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As the dog days of summer end and the cool mornings of fall creep in, we enter one of the deadliest times of the year, flu season. Although summer is still a fresh memory, it doesn’t stop signs of flu season from appearing.

Last season in Pennsylvania, more than 121,300 cases of the fu were reported between October 2017 and May 2018. Of those reported, 256 of those cases ended in death, which marks a record for the state of Pennsylvania.

These haunting statistics have resulted in many healthcare professionals to bring the importance of getting a flu vaccine. Although we can’t predict how bad this season will be, health experts urge that avoiding a flu shot is not worth the gamble.

To feel more prepared for the upcoming flu season, here few things you will want to know:

Get a flu vaccine at the beginning of the season. 

One of the best ways to not get the flu is to get the vaccine at the very beginning of the season. According to the Centers for Disease Control and Prevention (CDC), a normal flu season runs from October until May and peaks between December and February.

After getting vaccinated, it can take up to two weeks for your body to develop the antibodies to protect you from the flu. In general, the CDC recommends getting a vaccine by the end of October.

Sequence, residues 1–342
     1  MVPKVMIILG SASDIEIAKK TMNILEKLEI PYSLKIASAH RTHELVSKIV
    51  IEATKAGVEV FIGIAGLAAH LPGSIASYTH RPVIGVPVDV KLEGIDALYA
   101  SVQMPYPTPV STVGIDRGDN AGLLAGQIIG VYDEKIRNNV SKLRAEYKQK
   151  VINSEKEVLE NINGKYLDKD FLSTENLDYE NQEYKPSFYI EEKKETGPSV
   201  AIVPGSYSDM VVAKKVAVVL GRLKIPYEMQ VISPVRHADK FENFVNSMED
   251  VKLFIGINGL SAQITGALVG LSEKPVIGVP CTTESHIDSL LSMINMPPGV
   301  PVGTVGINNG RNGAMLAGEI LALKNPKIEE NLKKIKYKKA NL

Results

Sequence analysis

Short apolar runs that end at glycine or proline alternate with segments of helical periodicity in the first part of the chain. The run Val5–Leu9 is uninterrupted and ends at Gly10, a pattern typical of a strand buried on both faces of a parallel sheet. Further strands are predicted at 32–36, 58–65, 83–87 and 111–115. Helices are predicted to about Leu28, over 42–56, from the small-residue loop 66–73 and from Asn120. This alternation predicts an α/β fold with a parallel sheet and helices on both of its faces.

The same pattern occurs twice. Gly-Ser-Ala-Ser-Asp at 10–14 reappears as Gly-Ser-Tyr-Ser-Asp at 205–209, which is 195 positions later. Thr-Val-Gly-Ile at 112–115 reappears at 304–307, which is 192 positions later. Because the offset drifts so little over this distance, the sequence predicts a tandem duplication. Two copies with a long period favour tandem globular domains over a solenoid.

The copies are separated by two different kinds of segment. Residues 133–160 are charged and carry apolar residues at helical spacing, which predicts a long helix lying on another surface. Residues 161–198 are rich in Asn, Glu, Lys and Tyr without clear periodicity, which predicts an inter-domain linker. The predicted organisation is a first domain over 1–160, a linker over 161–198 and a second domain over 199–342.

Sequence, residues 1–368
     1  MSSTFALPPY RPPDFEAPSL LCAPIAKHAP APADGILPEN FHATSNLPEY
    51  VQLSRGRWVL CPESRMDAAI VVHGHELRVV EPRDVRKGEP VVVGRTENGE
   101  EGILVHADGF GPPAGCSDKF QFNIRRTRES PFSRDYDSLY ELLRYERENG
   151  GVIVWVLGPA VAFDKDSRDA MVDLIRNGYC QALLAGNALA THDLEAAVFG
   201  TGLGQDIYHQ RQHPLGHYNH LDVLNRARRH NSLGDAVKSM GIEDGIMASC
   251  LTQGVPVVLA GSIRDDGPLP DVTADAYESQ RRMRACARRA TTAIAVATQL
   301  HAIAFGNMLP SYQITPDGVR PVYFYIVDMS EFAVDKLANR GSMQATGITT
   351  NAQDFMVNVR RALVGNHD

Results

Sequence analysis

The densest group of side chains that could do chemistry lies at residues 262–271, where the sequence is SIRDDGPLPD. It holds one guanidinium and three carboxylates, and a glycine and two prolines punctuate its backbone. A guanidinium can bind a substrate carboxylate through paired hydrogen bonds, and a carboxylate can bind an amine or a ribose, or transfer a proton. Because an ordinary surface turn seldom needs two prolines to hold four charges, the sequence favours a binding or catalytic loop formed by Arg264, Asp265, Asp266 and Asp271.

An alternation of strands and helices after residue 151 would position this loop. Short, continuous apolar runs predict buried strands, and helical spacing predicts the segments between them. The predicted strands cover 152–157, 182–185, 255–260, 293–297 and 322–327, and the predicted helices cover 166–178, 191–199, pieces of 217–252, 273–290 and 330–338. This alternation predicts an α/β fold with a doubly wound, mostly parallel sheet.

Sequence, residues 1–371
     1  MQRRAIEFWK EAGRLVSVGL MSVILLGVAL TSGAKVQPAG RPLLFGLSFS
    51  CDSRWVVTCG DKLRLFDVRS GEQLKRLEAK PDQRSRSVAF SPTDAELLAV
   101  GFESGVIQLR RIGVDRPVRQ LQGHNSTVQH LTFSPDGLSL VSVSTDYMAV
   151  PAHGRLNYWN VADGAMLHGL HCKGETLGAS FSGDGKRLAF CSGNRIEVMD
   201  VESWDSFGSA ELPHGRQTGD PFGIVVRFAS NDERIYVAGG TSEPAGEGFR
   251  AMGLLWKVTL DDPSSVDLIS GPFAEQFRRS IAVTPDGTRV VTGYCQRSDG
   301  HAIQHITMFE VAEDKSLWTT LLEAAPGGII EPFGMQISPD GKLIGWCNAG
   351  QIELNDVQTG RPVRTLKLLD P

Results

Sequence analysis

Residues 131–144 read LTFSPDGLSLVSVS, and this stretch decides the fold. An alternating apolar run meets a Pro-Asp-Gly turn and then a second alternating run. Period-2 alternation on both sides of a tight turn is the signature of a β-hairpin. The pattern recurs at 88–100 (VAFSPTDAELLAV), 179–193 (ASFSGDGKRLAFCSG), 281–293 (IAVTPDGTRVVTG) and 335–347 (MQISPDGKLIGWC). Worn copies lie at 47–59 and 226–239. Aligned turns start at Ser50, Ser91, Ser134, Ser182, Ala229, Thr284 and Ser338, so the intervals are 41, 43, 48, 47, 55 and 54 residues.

You can’t get the flu from a flu shot. 

This is one of the biggest misconceptions when it comes to a flu shot. When a flu shot is administered with a needle the vaccine is made in one of two ways:

  1. The virus is inactive and therefore not infectious
  2. The flu vaccine contains no virus at all

Whichever type of vaccine you get, you will not contract a virus. Common side effects from the shot include soreness, tenderness, and redness at the injection site, as well as a low-grade fever, headache, and muscle ache. Although some may construe these effects as flu symptoms, they are not anything to worry about.

This year the nasal spray may be more effective. 

In the past, the CDC has not recommended the nasal spray in replace of the shot. However, after a 2-year hiatus, the nasal spray has been approved for those between the ages of 2 to 49, and for women who are not pregnant.

Dr. Anthony Fauci, director of the National Institute of Allergy and Infectious Diseases, states that not while no vaccine is 100 percent effective, some protection is better than none at all. 

To get a receive a flu vaccine for the 2018-2019 season visit your doctor or find a pharmacy near you.